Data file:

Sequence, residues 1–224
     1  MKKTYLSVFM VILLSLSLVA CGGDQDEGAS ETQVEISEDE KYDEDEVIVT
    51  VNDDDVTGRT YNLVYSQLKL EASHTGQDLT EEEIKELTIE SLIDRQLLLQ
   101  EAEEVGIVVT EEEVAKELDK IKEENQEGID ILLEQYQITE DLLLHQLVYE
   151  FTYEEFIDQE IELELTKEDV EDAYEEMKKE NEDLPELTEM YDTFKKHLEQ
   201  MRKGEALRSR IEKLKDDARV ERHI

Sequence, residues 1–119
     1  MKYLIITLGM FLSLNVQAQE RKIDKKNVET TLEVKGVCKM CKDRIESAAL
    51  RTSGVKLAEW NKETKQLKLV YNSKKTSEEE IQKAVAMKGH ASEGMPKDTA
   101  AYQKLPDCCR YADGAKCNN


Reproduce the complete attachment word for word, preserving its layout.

Sequence, residues 1–224
     1  MKKTYLSVFM VILLSLSLVA CGGDQDEGAS ETQVEISEDE KYDEDEVIVT
    51  VNDDDVTGRT YNLVYSQLKL EASHTGQDLT EEEIKELTIE SLIDRQLLLQ
   101  EAEEVGIVVT EEEVAKELDK IKEENQEGID ILLEQYQITE DLLLHQLVYE
   151  FTYEEFIDQE IELELTKEDV EDAYEEMKKE NEDLPELTEM YDTFKKHLEQ
   201  MRKGEALRSR IEKLKDDARV ERHI

Sequence, residues 1–119
     1  MKYLIITLGM FLSLNVQAQE RKIDKKNVET TLEVKGVCKM CKDRIESAAL
    51  RTSGVKLAEW NKETKQLKLV YNSKKTSEEE IQKAVAMKGH ASEGMPKDTA
   101  AYQKLPDCCR YADGAKCNN